The factory handles 80% of North Korea's silk production, generating $20 million (£12.6 million) a year. But it's not quite the model of North Korea's spirit of Juche, or self-reliance, extolled by the Kims. The machinery is all imported from China and Japan.

Woman on a balcony of tower block, 9 April 2012 Away from the celebrations the uniformity of life hints at a less prosperous country

Portraits of the two elder Kims looked down from the wall as workers sat behind computers getting interactive instruction in mathematics, physics, and English.

"This birthday celebration for Kim Il-sung is the biggest national event in our country," one woman told me, adding, "I am going to celebrate by working even harder."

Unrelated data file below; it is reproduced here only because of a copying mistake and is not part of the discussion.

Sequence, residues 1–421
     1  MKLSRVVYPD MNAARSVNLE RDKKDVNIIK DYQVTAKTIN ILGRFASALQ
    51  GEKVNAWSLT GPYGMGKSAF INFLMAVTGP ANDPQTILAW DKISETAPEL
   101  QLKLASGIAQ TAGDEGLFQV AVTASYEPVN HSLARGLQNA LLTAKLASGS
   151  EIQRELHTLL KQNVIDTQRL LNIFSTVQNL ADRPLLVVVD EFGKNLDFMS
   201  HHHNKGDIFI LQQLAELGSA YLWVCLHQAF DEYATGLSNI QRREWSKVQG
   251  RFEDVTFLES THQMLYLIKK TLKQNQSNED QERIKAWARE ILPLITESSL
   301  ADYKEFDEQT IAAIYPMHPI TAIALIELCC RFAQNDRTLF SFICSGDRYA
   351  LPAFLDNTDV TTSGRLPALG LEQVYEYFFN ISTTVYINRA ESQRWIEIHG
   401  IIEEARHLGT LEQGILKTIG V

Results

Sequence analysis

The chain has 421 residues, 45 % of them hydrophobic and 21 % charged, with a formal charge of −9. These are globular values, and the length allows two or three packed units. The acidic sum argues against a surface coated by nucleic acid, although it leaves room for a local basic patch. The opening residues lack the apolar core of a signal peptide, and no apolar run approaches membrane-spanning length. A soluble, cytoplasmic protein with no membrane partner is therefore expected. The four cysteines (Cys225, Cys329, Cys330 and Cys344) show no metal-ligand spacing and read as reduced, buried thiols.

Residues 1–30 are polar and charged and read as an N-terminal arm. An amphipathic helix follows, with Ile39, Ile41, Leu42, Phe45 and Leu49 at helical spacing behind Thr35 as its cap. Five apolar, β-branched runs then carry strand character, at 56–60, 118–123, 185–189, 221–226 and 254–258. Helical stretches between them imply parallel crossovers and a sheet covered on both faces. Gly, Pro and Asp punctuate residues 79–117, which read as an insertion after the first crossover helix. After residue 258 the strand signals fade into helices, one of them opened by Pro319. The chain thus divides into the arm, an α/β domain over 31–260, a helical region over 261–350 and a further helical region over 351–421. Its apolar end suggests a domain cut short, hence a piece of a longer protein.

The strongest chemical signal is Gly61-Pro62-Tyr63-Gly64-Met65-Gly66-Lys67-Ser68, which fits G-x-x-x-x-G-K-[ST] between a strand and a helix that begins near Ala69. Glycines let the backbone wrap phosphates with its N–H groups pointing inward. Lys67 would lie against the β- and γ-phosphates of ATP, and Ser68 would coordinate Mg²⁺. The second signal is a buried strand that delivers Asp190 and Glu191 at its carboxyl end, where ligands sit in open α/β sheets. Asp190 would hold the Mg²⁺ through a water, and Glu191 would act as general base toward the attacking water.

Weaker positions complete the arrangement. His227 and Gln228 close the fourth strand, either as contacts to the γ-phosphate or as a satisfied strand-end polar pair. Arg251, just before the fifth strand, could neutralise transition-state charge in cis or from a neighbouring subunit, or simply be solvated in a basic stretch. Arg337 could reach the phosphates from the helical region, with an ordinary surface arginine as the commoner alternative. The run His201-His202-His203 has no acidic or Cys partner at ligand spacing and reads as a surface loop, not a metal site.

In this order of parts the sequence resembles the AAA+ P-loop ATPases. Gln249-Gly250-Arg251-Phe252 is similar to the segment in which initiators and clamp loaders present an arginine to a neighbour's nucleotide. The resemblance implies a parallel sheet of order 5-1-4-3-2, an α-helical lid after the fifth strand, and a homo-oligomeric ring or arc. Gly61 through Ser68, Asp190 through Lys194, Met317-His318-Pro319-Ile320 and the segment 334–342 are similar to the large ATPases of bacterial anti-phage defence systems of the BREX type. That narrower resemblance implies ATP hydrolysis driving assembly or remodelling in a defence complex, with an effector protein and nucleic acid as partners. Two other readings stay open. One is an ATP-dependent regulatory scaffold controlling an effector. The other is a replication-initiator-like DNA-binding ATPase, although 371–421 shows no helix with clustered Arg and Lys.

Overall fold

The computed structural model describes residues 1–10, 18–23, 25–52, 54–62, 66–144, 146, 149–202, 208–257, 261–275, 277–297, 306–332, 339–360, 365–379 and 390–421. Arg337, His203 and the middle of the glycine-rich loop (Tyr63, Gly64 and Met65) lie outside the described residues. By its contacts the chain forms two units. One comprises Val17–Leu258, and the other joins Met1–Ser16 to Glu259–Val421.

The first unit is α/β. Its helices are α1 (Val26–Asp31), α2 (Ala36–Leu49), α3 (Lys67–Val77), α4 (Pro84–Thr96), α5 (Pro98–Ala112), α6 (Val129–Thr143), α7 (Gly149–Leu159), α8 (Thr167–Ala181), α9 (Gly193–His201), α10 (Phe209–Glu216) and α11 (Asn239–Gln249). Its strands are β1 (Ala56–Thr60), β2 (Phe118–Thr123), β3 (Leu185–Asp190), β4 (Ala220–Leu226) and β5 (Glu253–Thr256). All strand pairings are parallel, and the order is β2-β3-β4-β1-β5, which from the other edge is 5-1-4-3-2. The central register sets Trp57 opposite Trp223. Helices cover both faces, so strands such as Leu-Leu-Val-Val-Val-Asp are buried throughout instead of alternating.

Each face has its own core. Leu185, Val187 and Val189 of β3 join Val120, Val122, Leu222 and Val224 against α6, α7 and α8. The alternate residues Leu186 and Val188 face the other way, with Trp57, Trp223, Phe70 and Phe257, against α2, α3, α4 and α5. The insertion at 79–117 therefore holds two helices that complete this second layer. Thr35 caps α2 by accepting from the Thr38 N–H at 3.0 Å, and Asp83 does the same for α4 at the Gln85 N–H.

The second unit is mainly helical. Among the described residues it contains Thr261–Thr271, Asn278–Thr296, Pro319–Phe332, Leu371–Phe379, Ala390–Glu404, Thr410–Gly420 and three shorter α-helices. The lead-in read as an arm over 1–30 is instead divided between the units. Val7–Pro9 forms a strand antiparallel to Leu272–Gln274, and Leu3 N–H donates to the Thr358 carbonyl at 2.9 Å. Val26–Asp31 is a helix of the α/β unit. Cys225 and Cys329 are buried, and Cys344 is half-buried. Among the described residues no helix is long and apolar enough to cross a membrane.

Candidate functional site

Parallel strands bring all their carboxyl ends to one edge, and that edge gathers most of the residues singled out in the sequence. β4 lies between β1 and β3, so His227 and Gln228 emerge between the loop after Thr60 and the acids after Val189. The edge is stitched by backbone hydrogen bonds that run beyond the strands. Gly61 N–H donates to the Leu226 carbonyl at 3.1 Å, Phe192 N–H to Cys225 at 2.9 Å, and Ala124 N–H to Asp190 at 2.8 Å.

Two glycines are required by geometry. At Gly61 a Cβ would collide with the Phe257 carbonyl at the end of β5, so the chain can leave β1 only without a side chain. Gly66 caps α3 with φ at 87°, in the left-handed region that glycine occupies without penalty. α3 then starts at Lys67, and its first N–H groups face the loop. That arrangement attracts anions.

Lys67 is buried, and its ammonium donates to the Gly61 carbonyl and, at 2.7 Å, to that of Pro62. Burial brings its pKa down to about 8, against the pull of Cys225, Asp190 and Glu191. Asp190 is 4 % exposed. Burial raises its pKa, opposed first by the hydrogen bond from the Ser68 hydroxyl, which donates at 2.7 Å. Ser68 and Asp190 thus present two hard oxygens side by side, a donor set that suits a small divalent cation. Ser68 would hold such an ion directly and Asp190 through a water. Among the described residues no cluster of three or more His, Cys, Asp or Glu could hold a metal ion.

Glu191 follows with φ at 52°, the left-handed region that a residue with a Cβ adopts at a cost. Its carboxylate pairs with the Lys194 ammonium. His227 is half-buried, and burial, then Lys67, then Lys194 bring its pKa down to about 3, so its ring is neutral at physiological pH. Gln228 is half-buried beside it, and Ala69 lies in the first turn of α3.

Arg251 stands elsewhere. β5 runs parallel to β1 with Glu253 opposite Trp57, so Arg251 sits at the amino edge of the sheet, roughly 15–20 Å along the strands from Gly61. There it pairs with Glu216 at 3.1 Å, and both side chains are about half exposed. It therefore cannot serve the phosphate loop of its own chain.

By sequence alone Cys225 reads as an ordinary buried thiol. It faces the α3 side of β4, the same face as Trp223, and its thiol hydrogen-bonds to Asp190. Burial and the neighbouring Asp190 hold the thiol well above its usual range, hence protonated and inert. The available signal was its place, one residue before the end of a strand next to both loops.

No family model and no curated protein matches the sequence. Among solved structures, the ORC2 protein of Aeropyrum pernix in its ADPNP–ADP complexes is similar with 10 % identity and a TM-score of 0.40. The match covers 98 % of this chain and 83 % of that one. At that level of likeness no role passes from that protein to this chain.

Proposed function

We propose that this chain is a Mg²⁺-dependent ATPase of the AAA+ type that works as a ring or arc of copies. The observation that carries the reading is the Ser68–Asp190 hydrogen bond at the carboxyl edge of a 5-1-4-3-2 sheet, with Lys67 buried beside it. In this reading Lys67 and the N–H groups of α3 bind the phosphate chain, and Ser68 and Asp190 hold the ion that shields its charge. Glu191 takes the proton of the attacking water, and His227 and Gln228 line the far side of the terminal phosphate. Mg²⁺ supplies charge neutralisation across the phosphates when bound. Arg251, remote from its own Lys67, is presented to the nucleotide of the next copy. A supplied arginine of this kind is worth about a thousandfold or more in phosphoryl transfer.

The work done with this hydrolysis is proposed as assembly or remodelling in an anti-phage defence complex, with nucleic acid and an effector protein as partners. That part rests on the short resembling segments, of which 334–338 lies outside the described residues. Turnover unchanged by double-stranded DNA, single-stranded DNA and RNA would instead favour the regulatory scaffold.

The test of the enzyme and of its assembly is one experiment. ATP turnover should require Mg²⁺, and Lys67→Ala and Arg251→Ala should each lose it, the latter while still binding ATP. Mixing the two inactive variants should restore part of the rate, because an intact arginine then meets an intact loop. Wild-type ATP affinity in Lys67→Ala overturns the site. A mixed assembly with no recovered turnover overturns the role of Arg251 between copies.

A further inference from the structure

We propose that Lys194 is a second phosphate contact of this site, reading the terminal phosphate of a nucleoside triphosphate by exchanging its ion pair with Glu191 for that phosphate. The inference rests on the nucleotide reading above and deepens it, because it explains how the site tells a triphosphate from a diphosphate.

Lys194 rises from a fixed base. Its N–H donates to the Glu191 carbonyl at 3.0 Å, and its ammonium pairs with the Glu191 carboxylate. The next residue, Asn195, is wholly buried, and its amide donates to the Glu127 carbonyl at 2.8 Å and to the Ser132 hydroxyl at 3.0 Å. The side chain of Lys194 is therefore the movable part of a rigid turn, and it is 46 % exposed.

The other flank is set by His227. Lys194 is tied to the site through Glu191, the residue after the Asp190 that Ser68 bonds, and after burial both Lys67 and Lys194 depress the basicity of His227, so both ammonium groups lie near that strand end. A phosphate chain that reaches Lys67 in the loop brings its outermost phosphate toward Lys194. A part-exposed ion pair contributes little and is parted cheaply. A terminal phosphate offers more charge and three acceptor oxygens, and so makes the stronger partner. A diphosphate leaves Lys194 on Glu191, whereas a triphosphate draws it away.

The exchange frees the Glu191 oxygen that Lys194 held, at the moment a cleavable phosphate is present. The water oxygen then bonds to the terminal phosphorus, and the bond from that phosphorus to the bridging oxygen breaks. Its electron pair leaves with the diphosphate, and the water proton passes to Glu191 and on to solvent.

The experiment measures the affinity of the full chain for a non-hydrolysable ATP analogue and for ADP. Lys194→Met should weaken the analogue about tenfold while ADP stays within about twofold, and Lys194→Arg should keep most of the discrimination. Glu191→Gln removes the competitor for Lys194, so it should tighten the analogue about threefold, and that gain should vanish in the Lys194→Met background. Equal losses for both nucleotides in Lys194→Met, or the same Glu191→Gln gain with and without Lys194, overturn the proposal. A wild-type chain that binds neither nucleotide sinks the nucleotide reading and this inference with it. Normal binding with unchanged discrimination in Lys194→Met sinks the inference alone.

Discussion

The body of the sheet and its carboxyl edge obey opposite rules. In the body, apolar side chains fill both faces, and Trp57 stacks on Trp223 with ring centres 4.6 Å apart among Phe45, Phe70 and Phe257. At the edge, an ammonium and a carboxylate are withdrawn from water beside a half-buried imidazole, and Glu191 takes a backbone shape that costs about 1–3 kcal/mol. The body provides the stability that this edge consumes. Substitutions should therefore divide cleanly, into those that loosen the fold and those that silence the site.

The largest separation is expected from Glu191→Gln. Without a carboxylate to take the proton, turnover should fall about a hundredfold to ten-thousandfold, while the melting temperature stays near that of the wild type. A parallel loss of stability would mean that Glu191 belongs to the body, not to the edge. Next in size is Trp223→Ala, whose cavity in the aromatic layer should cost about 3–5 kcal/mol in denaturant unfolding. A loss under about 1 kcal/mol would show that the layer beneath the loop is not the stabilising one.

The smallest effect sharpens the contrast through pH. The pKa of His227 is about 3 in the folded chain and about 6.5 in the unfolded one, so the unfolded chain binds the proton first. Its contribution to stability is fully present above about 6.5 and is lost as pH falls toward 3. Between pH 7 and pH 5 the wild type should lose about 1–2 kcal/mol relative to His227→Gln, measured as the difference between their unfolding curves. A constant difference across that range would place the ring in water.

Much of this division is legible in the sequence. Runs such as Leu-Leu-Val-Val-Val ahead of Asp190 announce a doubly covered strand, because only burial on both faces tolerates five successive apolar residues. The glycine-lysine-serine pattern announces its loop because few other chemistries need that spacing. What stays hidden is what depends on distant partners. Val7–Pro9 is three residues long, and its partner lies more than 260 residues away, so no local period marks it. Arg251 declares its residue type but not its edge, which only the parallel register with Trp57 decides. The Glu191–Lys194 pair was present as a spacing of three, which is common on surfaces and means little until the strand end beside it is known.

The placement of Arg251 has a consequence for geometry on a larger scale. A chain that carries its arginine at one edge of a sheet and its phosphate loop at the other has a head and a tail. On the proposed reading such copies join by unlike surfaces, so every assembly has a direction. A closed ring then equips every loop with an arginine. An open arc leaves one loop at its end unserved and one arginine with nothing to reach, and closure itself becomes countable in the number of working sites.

If the propaganda is to be believed the 2,000 workers are no slackers. Chang Yong-ok has worked at the factory for nearly 30 years. Like everyone we were allowed to talk to, she stuck to the same script, insisting Kim Il-sung and Kim Jong-il deserve the credit for everything.

"When they were alive they instructed us to provide clothes for the people," she told me proudly. "This year we have exceeded our annual quota in just three months."

But although North Korea has invited us in to witness the celebrations, ours is a tightly controlled visit. Where we go and who we talk to is all organised for us.

Outside though as we drive through Pyongyang, through the windows of our bus, are hints of a less perfect world.

There's the grey monotony of the city, the long, patient queues of people waiting for the morning tram - the drab uniformity suggesting the land of the Kims isn't quite a socialist paradise, not yet.

 
Damian Grammaticas, China correspondent Article written by Damian Grammaticas Damian Grammaticas China correspondent